So here is how I recommend you tune into your own body’s wisdom:

  1. Tune into your body’s sensations: if you haven’t done any mindfulness before, then you need to know the simple distinction between sensations and thoughts. Sensations are the raw experience of our body before we describe them in thought. You can learn to listen to the sensations of your body rather than the thoughts in your head. Even this most basic practice can be life-transforming. Many people get stuck in their heads and find this difficult. I discovered in my own practice a hack for this: notice the sensations behind the thoughts. We often imagine that our thoughts are in our head. If you find yourself struggling to tune into your body’s sensations because the thoughts are raging in your head, then see if you can actually notice and allow the energy behind these thoughts, the energy that is circulating around your head. Just follow this energy as it flows. Don’t try to stop it, or divert its course. Just follow its flow. Trust the flow of energy in your body. Leave yourself alone.
  2. Find a place in your body that wants to ‘speak’: once you have grounded your attention in your body, see if there is a place in your body that wants to speak. This is often a place where you feel some kind of tension. Don’t overthink this. Remember, this is your body’s wisdom, not your thinking mind. If you notice the mind coming in with judgments just notice these thoughts and let them float away like golden leaves on an autumnal breeze.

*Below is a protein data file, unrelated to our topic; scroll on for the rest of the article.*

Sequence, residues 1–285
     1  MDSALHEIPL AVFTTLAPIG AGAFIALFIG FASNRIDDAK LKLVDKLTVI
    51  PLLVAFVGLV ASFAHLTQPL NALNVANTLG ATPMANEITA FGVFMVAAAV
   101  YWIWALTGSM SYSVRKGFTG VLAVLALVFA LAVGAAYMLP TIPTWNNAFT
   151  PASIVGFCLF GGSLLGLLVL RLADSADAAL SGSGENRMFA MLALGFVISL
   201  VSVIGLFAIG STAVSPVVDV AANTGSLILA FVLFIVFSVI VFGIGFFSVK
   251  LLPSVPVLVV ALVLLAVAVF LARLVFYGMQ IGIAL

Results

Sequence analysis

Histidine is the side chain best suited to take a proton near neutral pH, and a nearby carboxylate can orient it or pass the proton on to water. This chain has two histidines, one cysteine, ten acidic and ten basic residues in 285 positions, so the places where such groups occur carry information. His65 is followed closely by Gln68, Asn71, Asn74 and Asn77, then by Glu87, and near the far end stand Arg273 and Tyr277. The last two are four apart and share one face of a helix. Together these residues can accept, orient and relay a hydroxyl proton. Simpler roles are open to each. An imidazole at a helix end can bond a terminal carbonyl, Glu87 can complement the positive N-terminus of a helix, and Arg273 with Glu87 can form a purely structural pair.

3. Listen to the tension: when you have settled on a place in your body that you want to listen to, first give it a space to be there just as it is. Let go of any wish to fix or change anything about this experience in your body. Just let it be exactly as it is. It can really help — especially with big, raw feelings — to put a hand on this part of your body and let the feeling know its ok for it to be there, as though you were approaching a scared child.
  4. Go with the flow of the body: in my experience, whenever you wholeheartedly do step 3, the energy behind the sensation will transform. Sometimes it might just feel a bit less tense. Sometimes it might transmute into a totally different sensation. Sometimes it might transmute into an image or a memory or an epiphany. The key here is to trust the body’s wisdom and to go with the flow. Sometimes this trapped energy in the body just needed a space to be, and then it gets released. Listening to the body in this way can be compared to opening the door of a cage and letting trapped birds fly free. At other times, there may be some deeper intelligence coming from the body that you need to listen to. Go with the flow of the body’s energy. Follow it like a tracker on the Savannah following footsteps looking for clues.
  5. Write down your reflections or share: as soon as you have finished listening to your body in this way, write down your reflections. If you have a supportive friend or therapist bring these reflections to them.

There is one caveat to this practice: there will be times when the wisdom of your body is difficult to work with on your own, particularly if you have experienced a lot of trauma. In these cases, look for someone skilled like a somatic therapist, or a focusing practitioner. If money is a worry, you don’t need to pay. There are focusing partnerships to be found.

May your body serve you as your most trusted guru.